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New Rule Raises Standards for Some Investment Advisers–Well, Sort of.

Do you know whether your financial adviser is legally required to act in your best interest?  Many investors may be surprised at the question.  Shouldn’t all advisers be required to put their clients’ interests first, try to avoid conflicts of interest, be transparent about the reasons for advising certain financial moves and the fees that might be involved?  In our opinion, yes, they should.  (Our firm has been a registered investment advisor, RIA, since we opened in 1997, which means that we have always operated under this standard.)  However, this is not always the case.  A new rule from the Department of Labor (DOL) has shifted the industry in that direction, but the shift is still imperfect and incomplete, as we discuss below.

What Is the New Rule?  This month, a new DOL rule targeted at financial advisers went into partial effect.  The rule requires that financial advisers giving advice on retirement accounts such as 401(k)’s and IRAs be held to a fiduciary standard of care, meaning that they are legally bound to act in the best interest of their clients–putting clients’ interests above their own financial or other interests.  The DOL first proposed this rule in 2010, in part because many investors were unaware that their advisers were held to a much lower standard of care (called the “suitability” standard) and that they were paying a significant amount on commissions and fees.  Even earlier this year, a survey by the American College of Financial Services found that 48 percent of respondents working with a financial adviser did not know whether their adviser was a fiduciary or not.

What Does It Mean that the Rule Went into “Partial Effect”?  As might be expected, advisers that have operated for years under a lower legal standard have objected to the new fiduciary rule.  There has been significant lobbying against it, and its implementation has been delayed multiple times.  On June 9th, the rule went into partial effect, meaning that advisers should now act as fiduciaries with respect to retirement accounts, but the rule will not actually be enforced until after it goes into full effect on January 1st.  In the meantime, the DOL will continue to solicit public comments on the issue and deliberate whether the rule should be revised prior to full implementation.

This past May, DOL Secretary Alexander Acosta wrote, “Trust in Americans’ ability to decide what is best for them and their families leads us to the conclusion that we should seek public comment on how to revise this rule.”  In the words of Washington Post columnist Michelle Singletary, “What malarkey.”  Given how difficult it can be for those with limited financial knowledge or experience to decipher the costs and implications of different investment options, we respectfully disagree with Secretary Acosta and think that Americans could use a hand in protecting their savings and investments.  Whether this will come to pass, however, is yet to be determined.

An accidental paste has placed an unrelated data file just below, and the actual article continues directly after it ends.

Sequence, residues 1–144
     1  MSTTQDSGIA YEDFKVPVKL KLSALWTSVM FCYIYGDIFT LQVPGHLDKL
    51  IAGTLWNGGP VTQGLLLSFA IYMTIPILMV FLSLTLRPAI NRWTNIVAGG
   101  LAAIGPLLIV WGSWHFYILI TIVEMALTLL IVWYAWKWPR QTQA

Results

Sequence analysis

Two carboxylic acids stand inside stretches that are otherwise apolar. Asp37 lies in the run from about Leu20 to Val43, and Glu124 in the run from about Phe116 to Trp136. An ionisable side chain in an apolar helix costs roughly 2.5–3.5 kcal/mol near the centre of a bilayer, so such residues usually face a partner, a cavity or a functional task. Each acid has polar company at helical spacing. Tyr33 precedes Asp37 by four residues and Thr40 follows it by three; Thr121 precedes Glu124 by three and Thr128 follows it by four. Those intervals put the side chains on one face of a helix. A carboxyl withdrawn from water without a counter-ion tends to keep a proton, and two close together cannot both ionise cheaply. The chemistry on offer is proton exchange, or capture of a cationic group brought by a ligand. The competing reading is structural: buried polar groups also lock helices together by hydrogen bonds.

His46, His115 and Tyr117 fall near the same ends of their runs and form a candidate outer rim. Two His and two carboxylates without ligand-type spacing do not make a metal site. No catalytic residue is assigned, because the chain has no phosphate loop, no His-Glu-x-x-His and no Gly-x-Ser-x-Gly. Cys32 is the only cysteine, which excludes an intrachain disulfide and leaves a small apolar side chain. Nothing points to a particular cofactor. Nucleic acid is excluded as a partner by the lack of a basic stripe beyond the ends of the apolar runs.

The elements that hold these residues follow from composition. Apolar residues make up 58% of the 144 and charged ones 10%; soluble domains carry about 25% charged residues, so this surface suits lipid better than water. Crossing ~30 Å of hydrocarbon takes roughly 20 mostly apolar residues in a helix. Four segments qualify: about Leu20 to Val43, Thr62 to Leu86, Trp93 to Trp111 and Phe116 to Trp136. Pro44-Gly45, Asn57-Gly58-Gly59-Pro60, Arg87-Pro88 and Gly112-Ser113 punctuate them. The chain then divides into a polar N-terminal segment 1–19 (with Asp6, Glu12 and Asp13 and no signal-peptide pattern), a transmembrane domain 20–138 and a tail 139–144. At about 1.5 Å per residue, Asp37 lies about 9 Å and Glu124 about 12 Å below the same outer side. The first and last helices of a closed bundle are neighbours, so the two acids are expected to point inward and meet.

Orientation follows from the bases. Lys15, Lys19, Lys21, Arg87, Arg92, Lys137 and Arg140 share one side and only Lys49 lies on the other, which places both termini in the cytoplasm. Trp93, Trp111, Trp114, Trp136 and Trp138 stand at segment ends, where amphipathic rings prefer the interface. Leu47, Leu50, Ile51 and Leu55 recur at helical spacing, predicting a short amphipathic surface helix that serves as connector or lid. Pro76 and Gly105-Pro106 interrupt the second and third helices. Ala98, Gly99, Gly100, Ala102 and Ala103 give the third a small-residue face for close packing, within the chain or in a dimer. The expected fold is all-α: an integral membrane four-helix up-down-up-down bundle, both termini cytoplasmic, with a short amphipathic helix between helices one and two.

Why Is the New Rule Incomplete?  In a post last year, we discussed how the final version of the DOL rule includes many exemptions and means by which brokers can continue earning excessive commissions for pushing particular investment products, even ones with notoriously high fees such as variable annuities.  The stipulations of the rule may be watered down even further prior to implementation on January 1st.  Furthermore, the rule only applies to advice on retirement accounts.  If a financial adviser is managing a taxable account (non-retirement investments) for a client, he or she could still only be held to the lower suitability standard, meaning that brokers must simply have a “reasonable basis” for believing that a particular investment they sell is “suitable” for a client, considering a client’s circumstances.

Again, Professional Financial Solutions has already been operating under a fiduciary standard with respect to all of our clients’ investment accounts–retirement and non-retirement–since the year our company was founded, so this new rule does not significantly impact our manner of doing business.  We will continue to discuss with clients the pros and cons of any financial moves, promote low-cost investments as the most effective way of building clients’ wealth, and try to operate with complete integrity in how we advise our clients on financial planning and investment issues.


**If you’re interested in learning more about the fiduciary standard and other factors to consider in finding a financial adviser that you can trust, an informative (and fun) place to start is comedian John Oliver’s Last Week Tonight episode on retirement plans.v


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